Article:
Ma Ying-jeou - Presidency, 2008–present - Cross-strait Relations

Cross-strait Relations

Ma, in his inaugural address, laid out his promise in dealing with cross-strait relations that there would be "no reunification, no independence, and no war" (不統, 不獨, 不武) during his tenure as President. However, after Ma formally took office, his policies have been largely pro-PRC and have been seen by critics as part of a long-run scheme to steer Taiwan to "eventual unification." Critics argue that Ma, rather than follow his campaign promise, has been following his father's will instead, where Ma Ho-ling clearly states his final words were "Repress independence supporters; Lead (Taiwan) to unification." During an interview in England in 2006, Ma affirmed that his goal was to lead Taiwan to "eventual unification."

An article published in the August 11, 2008 edition of Time Magazine said that in less than three months' time, "relations between Taiwan and PRC have arguably seen the most rapid advancement in the six-decade standoff between the two governments. Ma launched direct weekend charter flights between PRC and Taiwan for the first time, opened Taiwan to mainland Chinese tourists, eased restrictions on Taiwan investment in mainland China and approved measures that will allow mainland Chinese investors to buy Taiwan stocks." He has also loosened bans on "Chinese brides," leading to social unrest over Chinese women who marry old veterans but file for divorce after they obtain citizenship.

During the Second Chen-Chiang summit visit by Chen Yunlin on November 3, 2008, chairman of the Beijing-based the Association for Relations Across the Taiwan Straits (ARAT), the opposition Pan-Green Coalition criticized the visit as "taking steps toward eventual reunification" and damaging Taiwan's sovereignty. Opposition to the visit by the chairman of the ARAT also sparked massive peaceful rallies and protests organised by the opposition DPP party on October 25, 2008. Preliminary estimates place the number of protesters at around 500,000. Protesters accused Taiwanese President Ma Ying-jeou "of making too many concessions and moving too fast in relaxing restrictions on trade and investment with China." Government's polls have suggested that Chen Yunlin's visit and the government's policy of normalising cross-strait relations have support of 50% to 60% of the Taiwanese population.

Chen's visit was the highest level visit from China to Taiwan that had taken place since the Chinese Civil War in 1949. Chen was expected to meet with his Taipei-based counterpart, Chiang Pin-kung beginning on November 4, 2008. The two sides signed four agreements on November 5, detailing the loosening of restrictions with regards to air, marine, and postal links as well as better regulations on food safety. The Ma government refused to disclose the treaties only until days before they went into effect.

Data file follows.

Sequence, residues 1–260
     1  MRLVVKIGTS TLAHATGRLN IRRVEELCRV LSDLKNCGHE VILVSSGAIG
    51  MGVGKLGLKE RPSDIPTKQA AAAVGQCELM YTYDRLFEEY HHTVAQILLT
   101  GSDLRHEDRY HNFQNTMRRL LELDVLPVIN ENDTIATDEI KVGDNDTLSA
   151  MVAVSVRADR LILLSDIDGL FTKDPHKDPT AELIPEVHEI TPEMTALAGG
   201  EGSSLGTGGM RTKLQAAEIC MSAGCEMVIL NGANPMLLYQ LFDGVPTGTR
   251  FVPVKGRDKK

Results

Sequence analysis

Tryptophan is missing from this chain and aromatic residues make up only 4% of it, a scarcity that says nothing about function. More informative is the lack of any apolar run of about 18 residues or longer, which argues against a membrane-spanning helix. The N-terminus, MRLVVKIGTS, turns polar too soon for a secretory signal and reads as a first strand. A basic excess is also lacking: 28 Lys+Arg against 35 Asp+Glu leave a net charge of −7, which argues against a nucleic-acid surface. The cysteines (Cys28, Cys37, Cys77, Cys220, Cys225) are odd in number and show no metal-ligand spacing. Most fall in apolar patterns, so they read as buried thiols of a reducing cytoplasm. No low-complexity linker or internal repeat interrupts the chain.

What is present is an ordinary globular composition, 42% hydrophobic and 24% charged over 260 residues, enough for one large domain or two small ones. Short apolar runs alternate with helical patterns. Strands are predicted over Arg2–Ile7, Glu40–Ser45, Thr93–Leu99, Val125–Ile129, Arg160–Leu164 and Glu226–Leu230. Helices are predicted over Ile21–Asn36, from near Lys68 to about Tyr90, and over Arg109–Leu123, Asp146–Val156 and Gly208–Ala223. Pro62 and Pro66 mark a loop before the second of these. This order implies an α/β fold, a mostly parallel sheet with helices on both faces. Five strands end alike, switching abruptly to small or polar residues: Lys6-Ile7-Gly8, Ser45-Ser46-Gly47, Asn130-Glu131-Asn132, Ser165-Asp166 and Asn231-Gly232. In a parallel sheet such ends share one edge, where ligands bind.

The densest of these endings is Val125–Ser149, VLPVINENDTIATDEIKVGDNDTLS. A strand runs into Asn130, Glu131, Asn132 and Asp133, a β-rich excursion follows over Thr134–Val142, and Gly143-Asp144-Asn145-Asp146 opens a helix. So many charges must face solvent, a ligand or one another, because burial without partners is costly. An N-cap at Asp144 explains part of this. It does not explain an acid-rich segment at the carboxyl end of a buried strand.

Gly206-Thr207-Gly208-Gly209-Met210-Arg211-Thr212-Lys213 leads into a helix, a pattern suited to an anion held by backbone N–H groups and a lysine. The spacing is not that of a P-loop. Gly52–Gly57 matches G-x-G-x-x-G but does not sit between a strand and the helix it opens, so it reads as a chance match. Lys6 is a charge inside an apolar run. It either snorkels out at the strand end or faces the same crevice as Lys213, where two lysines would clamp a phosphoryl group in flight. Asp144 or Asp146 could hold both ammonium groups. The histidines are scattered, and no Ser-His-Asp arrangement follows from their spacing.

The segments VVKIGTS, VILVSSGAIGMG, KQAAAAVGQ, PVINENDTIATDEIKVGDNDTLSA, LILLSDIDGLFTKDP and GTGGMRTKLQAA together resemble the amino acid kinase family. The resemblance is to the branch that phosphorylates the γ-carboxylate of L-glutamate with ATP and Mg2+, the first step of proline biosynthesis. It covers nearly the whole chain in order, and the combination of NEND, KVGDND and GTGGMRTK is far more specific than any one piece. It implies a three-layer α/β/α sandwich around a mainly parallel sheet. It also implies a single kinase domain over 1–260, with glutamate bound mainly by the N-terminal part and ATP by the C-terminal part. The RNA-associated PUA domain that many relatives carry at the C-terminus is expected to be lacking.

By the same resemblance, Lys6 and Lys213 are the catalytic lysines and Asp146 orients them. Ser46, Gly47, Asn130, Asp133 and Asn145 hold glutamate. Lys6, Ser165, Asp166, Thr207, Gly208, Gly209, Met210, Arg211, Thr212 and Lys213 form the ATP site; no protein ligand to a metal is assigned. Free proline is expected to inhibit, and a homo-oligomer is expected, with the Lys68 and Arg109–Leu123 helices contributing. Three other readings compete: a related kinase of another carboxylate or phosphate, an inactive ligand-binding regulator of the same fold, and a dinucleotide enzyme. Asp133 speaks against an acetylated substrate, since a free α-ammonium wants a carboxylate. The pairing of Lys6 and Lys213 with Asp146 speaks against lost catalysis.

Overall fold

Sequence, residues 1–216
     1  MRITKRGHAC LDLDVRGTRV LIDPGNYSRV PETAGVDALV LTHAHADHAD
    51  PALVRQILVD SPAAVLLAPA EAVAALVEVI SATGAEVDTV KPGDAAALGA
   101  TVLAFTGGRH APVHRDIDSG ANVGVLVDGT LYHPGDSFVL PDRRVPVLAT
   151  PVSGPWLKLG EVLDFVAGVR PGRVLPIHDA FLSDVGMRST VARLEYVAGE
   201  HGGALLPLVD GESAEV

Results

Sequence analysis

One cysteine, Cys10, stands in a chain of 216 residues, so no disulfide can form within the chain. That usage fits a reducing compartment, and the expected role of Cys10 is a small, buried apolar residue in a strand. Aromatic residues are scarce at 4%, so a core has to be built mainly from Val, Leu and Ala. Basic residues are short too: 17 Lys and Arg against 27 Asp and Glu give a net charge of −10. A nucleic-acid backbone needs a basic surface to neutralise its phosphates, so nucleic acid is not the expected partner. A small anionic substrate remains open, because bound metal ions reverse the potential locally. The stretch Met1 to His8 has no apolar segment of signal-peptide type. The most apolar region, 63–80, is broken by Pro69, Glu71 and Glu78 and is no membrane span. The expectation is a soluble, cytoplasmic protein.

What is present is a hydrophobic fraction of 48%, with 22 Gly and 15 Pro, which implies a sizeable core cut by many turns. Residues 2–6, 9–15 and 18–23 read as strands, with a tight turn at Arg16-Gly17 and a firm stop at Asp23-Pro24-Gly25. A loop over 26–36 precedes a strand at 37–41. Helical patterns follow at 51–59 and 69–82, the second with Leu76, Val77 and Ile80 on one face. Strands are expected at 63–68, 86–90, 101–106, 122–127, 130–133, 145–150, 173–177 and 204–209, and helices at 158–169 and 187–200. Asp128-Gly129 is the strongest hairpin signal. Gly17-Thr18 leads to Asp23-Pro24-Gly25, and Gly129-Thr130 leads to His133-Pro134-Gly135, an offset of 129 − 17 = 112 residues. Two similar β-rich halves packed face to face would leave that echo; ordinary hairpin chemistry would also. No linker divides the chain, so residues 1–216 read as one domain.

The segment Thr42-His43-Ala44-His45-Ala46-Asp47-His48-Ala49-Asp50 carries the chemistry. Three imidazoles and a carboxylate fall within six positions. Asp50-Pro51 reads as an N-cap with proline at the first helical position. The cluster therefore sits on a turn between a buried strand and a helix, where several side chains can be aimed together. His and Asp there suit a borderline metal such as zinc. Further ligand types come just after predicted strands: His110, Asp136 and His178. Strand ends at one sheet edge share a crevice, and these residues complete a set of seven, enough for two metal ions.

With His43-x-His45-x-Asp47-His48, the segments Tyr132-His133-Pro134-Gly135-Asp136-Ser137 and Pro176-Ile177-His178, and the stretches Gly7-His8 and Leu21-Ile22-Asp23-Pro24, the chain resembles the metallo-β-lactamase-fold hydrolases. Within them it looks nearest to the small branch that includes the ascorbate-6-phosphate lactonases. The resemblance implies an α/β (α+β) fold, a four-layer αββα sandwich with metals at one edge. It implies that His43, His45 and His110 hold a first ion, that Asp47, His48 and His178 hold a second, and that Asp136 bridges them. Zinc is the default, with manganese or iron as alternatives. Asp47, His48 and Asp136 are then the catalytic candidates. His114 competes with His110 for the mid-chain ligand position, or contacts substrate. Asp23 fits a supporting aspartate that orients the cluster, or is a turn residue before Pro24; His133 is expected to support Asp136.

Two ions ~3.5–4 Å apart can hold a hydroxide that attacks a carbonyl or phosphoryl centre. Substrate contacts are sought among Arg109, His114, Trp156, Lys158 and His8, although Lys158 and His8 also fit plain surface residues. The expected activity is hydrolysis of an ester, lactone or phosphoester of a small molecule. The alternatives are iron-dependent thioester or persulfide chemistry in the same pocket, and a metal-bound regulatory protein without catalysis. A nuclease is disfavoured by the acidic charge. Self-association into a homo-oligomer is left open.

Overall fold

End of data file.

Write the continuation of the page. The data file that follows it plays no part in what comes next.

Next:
During Chen's visit in Taipei, he was met with a series of strong protests directed at himself and Ma Ying-jeou, some of which were violent, with Molotov cocktails being thrown by the protesters at riot police. A series of arrests were made after the protests, with a secret letter being sent from the police to a member of the media. Local police reported that 149 of its officers were injured during the opposition protests. Chen referred to Ma simply as "Mr. Ma," not as "President". However, this is consistent with the previous convention in 2008, when KMT ex-politician Lien Chan met Hu Jintao in Peru. Lien did not call the PRC President Hu Jintao "President," but instead used his title "General Secretary" as the head of the Communist Party of China.

After the chaos during and after Chen's visit, college students and professors launched a peaceful sitout, known as the Wild Strawberry student movement (Chinese: 野草莓運動), demanding a more reasonable assembly law and a stop to police violence. A few days into the sitout, the prime minister Liu Chao-shiuan accidentally spoke of his opinion during an interview on air that he did not think the movement would last more than three days, angering students, professors, and the general public. In the end, the sitout lasted one month. Then, it moved into an organizational direction. However, the polls in two of Taiwan's biggest newspapers after the visit still reported that about 70% of the Taiwanese public considered Chen's visit to have a positive effect on Taiwan's development, while 22% of the respondents thought the effect would be negative, with the remaining 8% not expressing an opinion. The opposition Pan-Green caucus have continuously alleged this result being a form of media manipulation by the KMT. However, other major polls in Taiwanese newspapers and news websites have shown similar results regardless of political alignment.

Read more about this topic:  Ma Ying-jeou, Presidency, 2008–present

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